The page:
UFC Fighters No Longer Allowed To Bet On Any Fights

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A major policy change will no longer allow UFC fighters and managers to bet on fights. The move encompasses all matches, even if the fighter isn’t participating in them.

The mixed martial arts company sent this memo to fighters and their teams on Monday:

The UFC making the change as part of their UFC Athlete Conduct Policy arguing that sports betting would be detrimental to the “integrity of the UFC organization.”

Fighters will still be able to be sponsored by sports betting companies like DraftKings and FanDuel, but they themselves and their close associates can’t place bets.

Some UFC fighters said they’ve been restricted from even signing up:


There’s no doubt that there seems to be a conflict of interest happening. Major sports leagues are not only involved with, but are actively promoting and falling head over heels with sports betting companies. You can’t watch an NFL or MLB game without seeing countless DraftKings commercials.

With this blatant push of sports betting comes serious ethical questions.

One of the biggest concerns I have involves the officials. How many times does a referee or an umpire blow a simple call that the whole world disagrees with? The fact that there’s usually no discipline handed down absolutely reeks of shadiness. To have that in the back of a viewer’s mind only hurts the sports. These major sports leagues, including the UFC need to focus on their officials.

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Although the laws get a little hazy at times and vary from state to state and country to country, many policy guidelines prohibit athletes from betting on any sports they are involved in.

For example, an NBA player can’t bet on any NBA games. A football player can’t bet on NFL games, etc.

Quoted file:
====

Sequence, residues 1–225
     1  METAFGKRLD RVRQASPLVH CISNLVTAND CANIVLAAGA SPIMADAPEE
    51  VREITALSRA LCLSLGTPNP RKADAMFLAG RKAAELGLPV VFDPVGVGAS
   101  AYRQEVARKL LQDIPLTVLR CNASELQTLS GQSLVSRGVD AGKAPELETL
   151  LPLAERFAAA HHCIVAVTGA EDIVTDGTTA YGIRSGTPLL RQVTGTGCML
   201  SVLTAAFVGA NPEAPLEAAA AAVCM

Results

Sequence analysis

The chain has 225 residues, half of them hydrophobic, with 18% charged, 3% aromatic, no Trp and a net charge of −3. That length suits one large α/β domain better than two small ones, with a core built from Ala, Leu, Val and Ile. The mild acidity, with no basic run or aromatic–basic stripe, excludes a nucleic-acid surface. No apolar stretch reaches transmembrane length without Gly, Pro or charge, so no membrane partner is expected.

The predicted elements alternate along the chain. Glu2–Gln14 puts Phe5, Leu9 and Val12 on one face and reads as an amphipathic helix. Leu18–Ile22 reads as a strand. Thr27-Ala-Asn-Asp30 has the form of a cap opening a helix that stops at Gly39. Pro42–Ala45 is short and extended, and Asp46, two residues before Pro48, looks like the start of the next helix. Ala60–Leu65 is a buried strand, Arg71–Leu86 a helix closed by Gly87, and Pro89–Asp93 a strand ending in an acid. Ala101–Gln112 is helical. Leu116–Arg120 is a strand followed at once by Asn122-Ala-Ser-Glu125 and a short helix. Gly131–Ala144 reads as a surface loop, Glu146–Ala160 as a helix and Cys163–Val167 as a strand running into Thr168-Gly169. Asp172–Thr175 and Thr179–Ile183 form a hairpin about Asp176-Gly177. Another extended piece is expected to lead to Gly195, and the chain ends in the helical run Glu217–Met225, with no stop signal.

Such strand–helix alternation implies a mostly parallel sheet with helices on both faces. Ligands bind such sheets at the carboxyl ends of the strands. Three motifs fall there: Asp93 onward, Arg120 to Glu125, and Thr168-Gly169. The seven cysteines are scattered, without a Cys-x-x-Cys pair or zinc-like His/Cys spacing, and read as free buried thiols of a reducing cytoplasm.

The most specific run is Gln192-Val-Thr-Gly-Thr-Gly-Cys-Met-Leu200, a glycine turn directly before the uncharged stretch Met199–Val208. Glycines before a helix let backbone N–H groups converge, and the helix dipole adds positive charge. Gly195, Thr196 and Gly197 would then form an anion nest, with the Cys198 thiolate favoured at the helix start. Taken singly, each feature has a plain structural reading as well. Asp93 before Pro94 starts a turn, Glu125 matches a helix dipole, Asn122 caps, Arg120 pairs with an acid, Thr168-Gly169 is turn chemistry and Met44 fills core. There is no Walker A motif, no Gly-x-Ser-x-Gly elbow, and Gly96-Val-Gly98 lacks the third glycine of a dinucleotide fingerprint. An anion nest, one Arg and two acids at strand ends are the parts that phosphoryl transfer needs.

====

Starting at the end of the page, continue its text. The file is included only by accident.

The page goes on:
The exception usually involves individual sports like tennis, golf and boxing (and previously the UFC).

Even if a player can’t legally bet on themselves here in the United States, when they compete overseas they may be able to. Although it may seem unethical, it’s not illegal in some countries.

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Sports betting is only going to get bigger. The rise of mobile apps and more states (like Massachusetts) soon to approve of legalized sports betting is only going to saturate the industry. New Jersey alone brought in over $1 billion last year since legalizing betting.

I don’t blame the UFC for enacting this type of policy. They do have a legitimate concern that they want to get ahead of. The only argument I would raise is if an athlete should be allowed to bet on themselves in a favorable outcome.

Last year the NFL suspended Atlanta Falcons wide receiver Calvin Ridley for all of the 2022 season after he placed $1,500 in bets on his team. He never bet on them to lose, but still received the harsh punishment.

31 current states have legalized sports betting.

Written by Mike Gunzelman

Mike “Gunz” Gunzelman has been involved in the sports and media industry for over a decade. He’s also a risk taker - the first time he ever had sushi was from a Duane Reade in Penn Station in NYC.

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